The localized communities of working-class neighborhoods had been born in the late nineteenth century, and community life remained a central feature of these neighborhoods into the interwar period. (13) The importance of the local community is a staple of autobiographies and memoirs from the period. In the words of B. Ackerman, who lived in Spitalfields, "the community life was marvelous; something which we lack so much today." (14) The central aspect of this communal culture was economic--the local community was, above all else, a response to the common poverty of the area's residents. As Alexander Hartog recalls, "it's a surface thing now, but in those days you cared deeply about your friends and relations and co-religionists. Before the war there was a camaraderie, a warm feeling you would never starve." (15) The physical basis of the working-class communities recounted in oral histories and autobiographies was very small--the street or neighborhood, not the large subdivisions of the East End such as Poplar or Stepney, and certainly not the entirety of the East End itself. Local identities were built on the immediate surroundings of the working-class home.
What was the actual nature of these working-class communities? Autobiographies and memoirs often portray the local community as an all-encompassing entity--a complete world that included all members of the street or neighborhood. As Joanna Bourke has argued, however, the rosy memories of community present in working-class autobiographies should not be taken at face value. (16) For example, working-class neighborhoods were much more divided than the conventional notion of community would indicate. (17) In contrast to the accounts of many autobiographies and oral histories, East End neighborhoods were filled with divisions, fractured by conflict, competition, and suspicion. The neighborhoods of the East End were divided in almost innumerable ways, as the poverty shared by almost all East Enders did not necessarily produce feelings of unity and sympathy. It was just as likely to produce jealousy and competition over the few resources that residents of East End neighborhoods possessed. There was, as Paul Johnson has argued, a "curious mixture of neighborliness and isolation" (18) Within these neighborhoods there were complex gradations of respectability, where factors such as cleanliness, of both homes and persons, were major determinants of local status. (19) Even those families who experienced success, whether economic or educational, were not sources of communal pride, but were resented for their ability to "get on." As East Ender Doris Bailey recalls, she and her sister were both called "stuck up" by their neighbors--Doris for her grammar school uniform, and her sister for her relationship with a man of a higher social station. (20) This does not mean, however, that the entire notion of community needs to be abandoned. It does indicate, however, that a more nuanced understanding of local identities, and of the specific contexts in which community did have tangible meaning, needs to be developed.
Although community in the sense of a tightly-knit group of people sharing a common outlook did not apply to working-class neighborhoods, this does not mean that there was no identification with the street or neighborhood. Working-class neighborhoods, despite their divisions, could provide some sense of belonging, a local identity that provided meaning for residents. (21) This was particularly expressed in relation to outsiders. While competition and jealousy may have divided the residents of a particular street, in relation to outsiders this was still "our street." Newcomers were greeted with suspicion and even hostility. (22) Other outsiders, particularly the police, were even more unwelcome. As Elizabeth Flint recalls of an unpopular neighbor who still had the support of the street in a confrontation with the law: "it was not that we liked Lil, but neither did we like coppers overmuch either." (23) As with any imagined community, residents of East End neighborhoods were most sure of who they were when there were outsiders to remind them. In times of crisis residents of a neighborhood could overcome their divisions and close ranks against the outside world. This is why, in Joanna Bourke's words, working-class neighbors are best seen as "allies, rather than as friends." (24)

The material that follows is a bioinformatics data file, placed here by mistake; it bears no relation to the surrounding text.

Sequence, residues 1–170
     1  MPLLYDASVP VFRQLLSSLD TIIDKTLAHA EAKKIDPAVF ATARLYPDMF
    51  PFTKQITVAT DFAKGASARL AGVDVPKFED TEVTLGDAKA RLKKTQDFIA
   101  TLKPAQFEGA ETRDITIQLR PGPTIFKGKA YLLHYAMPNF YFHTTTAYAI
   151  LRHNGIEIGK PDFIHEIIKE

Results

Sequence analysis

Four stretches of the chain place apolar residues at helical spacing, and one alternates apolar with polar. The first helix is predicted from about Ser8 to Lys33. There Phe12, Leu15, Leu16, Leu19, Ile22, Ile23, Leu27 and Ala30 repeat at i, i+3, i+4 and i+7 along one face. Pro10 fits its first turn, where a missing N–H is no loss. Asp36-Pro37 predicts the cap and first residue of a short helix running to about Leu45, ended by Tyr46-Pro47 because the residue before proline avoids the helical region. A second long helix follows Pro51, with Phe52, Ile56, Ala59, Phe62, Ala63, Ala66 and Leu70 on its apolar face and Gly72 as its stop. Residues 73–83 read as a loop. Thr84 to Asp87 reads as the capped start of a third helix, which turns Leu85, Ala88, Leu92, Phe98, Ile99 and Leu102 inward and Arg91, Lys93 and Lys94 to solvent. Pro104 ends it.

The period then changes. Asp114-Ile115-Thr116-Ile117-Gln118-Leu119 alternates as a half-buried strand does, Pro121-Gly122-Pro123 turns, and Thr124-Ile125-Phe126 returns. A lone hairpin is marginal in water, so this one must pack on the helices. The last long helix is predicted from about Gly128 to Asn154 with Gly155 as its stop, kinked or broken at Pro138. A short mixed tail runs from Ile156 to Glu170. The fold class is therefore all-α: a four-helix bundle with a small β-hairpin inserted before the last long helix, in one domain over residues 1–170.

In terms of lived experience the local community had the most power for two groups--children and women. For children the local community was territorial--turf to be protected from outsiders. As Doris Bailey recalls of her street in Bethnal Green, "an Englishman's home may be his castle, but the cockney fellow's street was his kingdom, and not lightly trampled on by outsiders. Even we small girls felt this bristling pride of belonging.... I can well remember 'Get out of our court,' whenever children from the main street came down there to play." (25) This territorial aspect of local communities was most important for boys, as they took part in the street battles that defined and reinforced territorial boundaries. As Mick Mindel, a resident of Spitalfields, recalls, "we used to run around the streets and visit other territories in groups. Sometimes end up in fights or quarrels." (26) The territorial battles fought by boys made the boundaries of their local community very real, as they were regularly reinforced through confrontation and conflict. While these boundaries may have seemed impermeable to boys, for adult men they had little meaning. They did not define the boundaries of their world in any significant way. Emanuel Litvinoff, for example, recalled a local street which terrified him as a child, but through which he walked without hesitation once he was "big and fairly robust." (27)